Why? Because the average net revenue for every SGC video slot machines, during the 9 month period ending on June 30, 2010, was $53,863. Extrapolating this for a 12 month period it would be $71,800. Therefore every three video slot games will suck $215,400 in discretionary spending out of our economy that could have been spent at other area businesses such as the local dry cleaners or the butcher shop, the bowling alley or local food and beverage operations. Business owners respond to reduced volume by laying people off or cutting back hours of the existing employees in order to reduce costs.
The larger the casino, the more devastating the impact on the local unemployment situation. At the current projected size for the proposed casino, within two years the local economy will lose far more jobs than the SGC claims it will create and the area will continue to lose more jobs each subsequent year as more and more money is diverted from other businesses into the slot machines.
The City of Buffalo's estimates of the payback from Albany to Buffalo from the "drop" on "slots" is $5-7 million per year, about equivalent to the revenue budgeted from writing parking tickets ($5.5 million), according to the 2010-11 adopted budget for the City of Buffalo. A $5.5 million payback would make up a mere 1.2 percent of the city budget of over $451 million. Given the social and economic costs to the city and its citizens of the casino, this project is not cost effective according to the Citizens for a Better Buffalo.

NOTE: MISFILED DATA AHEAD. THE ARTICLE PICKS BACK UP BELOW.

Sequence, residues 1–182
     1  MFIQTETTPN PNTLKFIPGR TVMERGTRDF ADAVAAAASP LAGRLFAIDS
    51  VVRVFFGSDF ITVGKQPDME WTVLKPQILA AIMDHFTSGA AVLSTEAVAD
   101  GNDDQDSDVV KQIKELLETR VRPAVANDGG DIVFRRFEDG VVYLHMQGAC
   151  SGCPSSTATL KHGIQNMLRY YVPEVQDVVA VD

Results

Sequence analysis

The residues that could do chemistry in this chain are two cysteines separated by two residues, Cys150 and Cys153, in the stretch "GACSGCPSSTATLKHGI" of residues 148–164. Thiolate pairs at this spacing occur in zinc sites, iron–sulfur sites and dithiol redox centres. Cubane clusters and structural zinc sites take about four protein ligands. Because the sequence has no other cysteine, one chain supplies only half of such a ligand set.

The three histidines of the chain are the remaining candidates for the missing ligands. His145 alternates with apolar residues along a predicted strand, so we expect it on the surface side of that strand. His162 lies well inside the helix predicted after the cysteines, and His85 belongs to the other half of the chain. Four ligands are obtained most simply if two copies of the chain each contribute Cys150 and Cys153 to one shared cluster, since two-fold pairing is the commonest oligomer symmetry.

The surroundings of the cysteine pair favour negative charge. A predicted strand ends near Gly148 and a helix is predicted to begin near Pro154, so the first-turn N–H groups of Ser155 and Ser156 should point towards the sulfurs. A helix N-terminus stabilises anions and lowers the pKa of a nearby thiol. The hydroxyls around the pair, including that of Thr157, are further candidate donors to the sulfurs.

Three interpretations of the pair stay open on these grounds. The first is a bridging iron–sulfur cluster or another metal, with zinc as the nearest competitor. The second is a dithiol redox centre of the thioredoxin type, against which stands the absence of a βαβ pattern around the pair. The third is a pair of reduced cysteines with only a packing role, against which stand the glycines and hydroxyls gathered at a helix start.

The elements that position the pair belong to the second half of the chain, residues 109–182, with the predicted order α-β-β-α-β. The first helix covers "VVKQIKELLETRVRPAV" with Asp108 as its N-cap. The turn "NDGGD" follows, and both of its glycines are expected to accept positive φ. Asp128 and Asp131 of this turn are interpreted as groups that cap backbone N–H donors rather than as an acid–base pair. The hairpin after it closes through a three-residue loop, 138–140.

The temporary casino has proven popular, despite its lack of amenities. The SGC reports that Buffalo Creek attracted 541,063 visits in 2009, up from 420,180 in 2008, and that it generated $9 million in exclusivity payments to New York State. As part of the Seneca compact with the State, the SGC pays 25 percent of slots revenue to the State in exchange for the exclusive right to operate casinos in Western New York. It can be estimated, then, that the Buffalo Creek Casino had roughly $36 million in slots revenue in 2009.
According to the SGC's report to the Securities and Exchange Commission (SEC), $4.6 billion in "slot handle" passed through the slot machines at the existing SGC casinos during the 9 month period ending June 30 2010. This extrapolates to $6 billion per year. "6 Billion dollars is wagered yearly on a product which costs little to create and therefore returns little economic value to the community, but much in the way of social problems," said Prof. Siegel in the full report.
The casinos operated five of their six "product lines" at a projected 9-month loss of over $50 million, yet the SGC, for the same period, showed "operating income" of $83 million. "Obviously the five products (food, beverage, lodging, entertainment and retail) are 'loss leaders' to get people into the casino, keep them there and get them to come back. These five products that the casinos merely give away form the backbone of the local hospitality economy.... restaurants located within a casino complex and subsidized by hundreds of millions of dollars of gaming revenues can easily undersell all restaurants in the area and effectively put them out of business," says Prof. Siegel's analysis of the SGC SEC filing.